James vs. Stevens
 James gets this clash of unbeaten fighters over in quick time. After connecting with a hard right James put Stevens down with a left. Stevens beat the count but was down twice more and the fight was stopped. James is now 2-0-2 in his last four fights all against unbeaten opponents. Stevens had scored nine wins by KO/TKO but he was the victim here.

Liverpool, England: Super Light: Jack Catterall (28-1) W PTS 12 Jorge Linares (47-8).Super Bantam: Peter McGrail (7-0) W Fran Mendoza (17-0). Super Feather: Reece Bellotti (17-5) W RTD 8 Aqib Fiaz (12-1). Super Light: Campbell Hatton (15-0) W DIS 8 Jamie Sampson (9-3). Super Light: Khaleel Majid (12-0) W TKO 6 Tom Farrell (21-8). 

Catterall vs Linares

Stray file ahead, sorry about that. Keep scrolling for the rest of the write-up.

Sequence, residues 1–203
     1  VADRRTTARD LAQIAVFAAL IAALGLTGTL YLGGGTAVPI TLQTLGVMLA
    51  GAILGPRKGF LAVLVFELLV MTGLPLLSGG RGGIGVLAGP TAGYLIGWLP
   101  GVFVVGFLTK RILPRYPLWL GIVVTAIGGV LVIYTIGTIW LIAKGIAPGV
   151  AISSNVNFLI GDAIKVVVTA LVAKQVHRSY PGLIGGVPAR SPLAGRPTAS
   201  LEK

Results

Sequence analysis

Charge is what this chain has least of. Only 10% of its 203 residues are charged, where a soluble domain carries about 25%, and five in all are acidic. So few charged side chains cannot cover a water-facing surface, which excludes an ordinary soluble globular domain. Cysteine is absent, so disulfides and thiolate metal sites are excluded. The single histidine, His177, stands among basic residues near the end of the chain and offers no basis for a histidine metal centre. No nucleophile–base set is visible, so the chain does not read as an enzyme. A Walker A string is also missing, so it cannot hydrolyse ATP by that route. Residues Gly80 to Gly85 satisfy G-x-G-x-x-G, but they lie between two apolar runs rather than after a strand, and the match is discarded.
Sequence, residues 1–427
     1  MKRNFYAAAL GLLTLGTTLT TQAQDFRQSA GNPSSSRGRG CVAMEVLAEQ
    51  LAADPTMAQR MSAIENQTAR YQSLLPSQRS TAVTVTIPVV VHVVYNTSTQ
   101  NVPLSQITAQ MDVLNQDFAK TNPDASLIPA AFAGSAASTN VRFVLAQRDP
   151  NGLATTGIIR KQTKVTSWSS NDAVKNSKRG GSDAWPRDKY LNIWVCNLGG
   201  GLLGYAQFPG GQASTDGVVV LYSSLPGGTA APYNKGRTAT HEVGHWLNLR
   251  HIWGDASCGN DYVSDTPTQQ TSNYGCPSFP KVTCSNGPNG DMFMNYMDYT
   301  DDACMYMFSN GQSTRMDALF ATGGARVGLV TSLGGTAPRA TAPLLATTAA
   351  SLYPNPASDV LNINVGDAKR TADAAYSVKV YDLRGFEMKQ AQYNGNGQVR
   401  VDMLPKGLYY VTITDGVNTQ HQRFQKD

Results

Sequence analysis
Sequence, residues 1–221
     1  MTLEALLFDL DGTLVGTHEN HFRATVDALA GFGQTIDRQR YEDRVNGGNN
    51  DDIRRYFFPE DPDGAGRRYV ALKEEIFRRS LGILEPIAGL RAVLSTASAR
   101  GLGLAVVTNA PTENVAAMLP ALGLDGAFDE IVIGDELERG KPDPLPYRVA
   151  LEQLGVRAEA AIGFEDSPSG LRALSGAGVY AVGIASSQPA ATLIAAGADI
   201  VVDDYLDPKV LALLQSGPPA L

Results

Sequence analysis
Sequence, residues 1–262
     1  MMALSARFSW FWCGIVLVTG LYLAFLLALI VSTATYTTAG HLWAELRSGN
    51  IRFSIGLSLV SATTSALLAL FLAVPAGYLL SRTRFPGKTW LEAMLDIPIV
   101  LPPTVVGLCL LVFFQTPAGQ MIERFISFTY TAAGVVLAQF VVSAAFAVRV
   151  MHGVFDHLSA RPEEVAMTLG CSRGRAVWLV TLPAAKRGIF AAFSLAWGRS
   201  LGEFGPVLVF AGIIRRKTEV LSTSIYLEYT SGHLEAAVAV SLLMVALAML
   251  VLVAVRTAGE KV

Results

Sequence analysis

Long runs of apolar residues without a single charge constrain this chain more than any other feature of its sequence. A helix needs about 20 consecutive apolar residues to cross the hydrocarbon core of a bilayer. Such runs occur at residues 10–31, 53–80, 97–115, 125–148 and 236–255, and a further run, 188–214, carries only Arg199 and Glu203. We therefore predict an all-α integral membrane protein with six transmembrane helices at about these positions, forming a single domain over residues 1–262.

Catterall gets a comfortable unanimous decision over a badly faded Linares. Both fighters were cautious in the opening round. Catterall was on the back foot sticking out right jabs and Linares was coming forward firing an occasional right. Both landed late with a left to the head from Catterall the best punch. The cautious approach continued in the second with Catterall still on the back foot continually stabbing out his jab and regularly getting through with lefts. Linares looked dangerous with rights but found Catterall a difficult target and ended the round with a cut on the bridge of his nose from a clash of heads. Catterall continued to box on the outside in the third and fourth picking Linares off with right jabs and straight lefts and it was only at the end of the fourth that Linares broke through and landed a series of rights. Linares was becoming frustrated at not getting past Catterall’s jab and in the fifth he switched off and was caught by a straight left that shook him and sent him back across the ring to the ropes. Catterall followed and landed a series of punches and things looked bad for Linares until he managed to escape and see out the round. Catterall stuck to his back foot boxing over the sixth and had a good seventh closing the round by landing a succession of hurtful lefts on a disorganised Linares. It was a similar pattern in the eighth. Linares was fired up but not able to really threaten and Catterall ended the round scoring with a burst of lefts. Linares just could not get any sort of foothold in the fight and Catterall continued to box behind a strong right jab and accurate lefts. Linares just was not throwing enough punches or putting Catterall under any serious pressure and Catterall was able to box with reasonable confidence over the closing rounds as a tired Linares was feeling his age and unable to up his pace. Scores 116-112 twice and 117-111 for Catterall. He was out of action for fifteen months after losing to Josh Taylor and paid for that in the form of relegation in the ratings. He is still in the top 10 of the four major bodies but his highest position is No 5 so not in pole position. He was defending the WBA Inter-Continental belt he won on his return to activity in May but that is unlikely to get him into a mandatory spot. Linares, 38, has seen better days and this is his fourth loss in a row. it is a pity to see such a once outstanding fighter reduced to just being a high level journeyman.